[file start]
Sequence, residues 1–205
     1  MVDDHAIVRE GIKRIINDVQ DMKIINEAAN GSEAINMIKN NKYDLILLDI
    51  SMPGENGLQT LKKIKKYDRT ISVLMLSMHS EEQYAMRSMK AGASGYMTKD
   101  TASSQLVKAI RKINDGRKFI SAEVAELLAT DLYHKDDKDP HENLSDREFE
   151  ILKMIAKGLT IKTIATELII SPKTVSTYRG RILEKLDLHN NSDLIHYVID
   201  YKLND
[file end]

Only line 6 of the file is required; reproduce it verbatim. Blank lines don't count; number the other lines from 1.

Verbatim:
   201  YKLND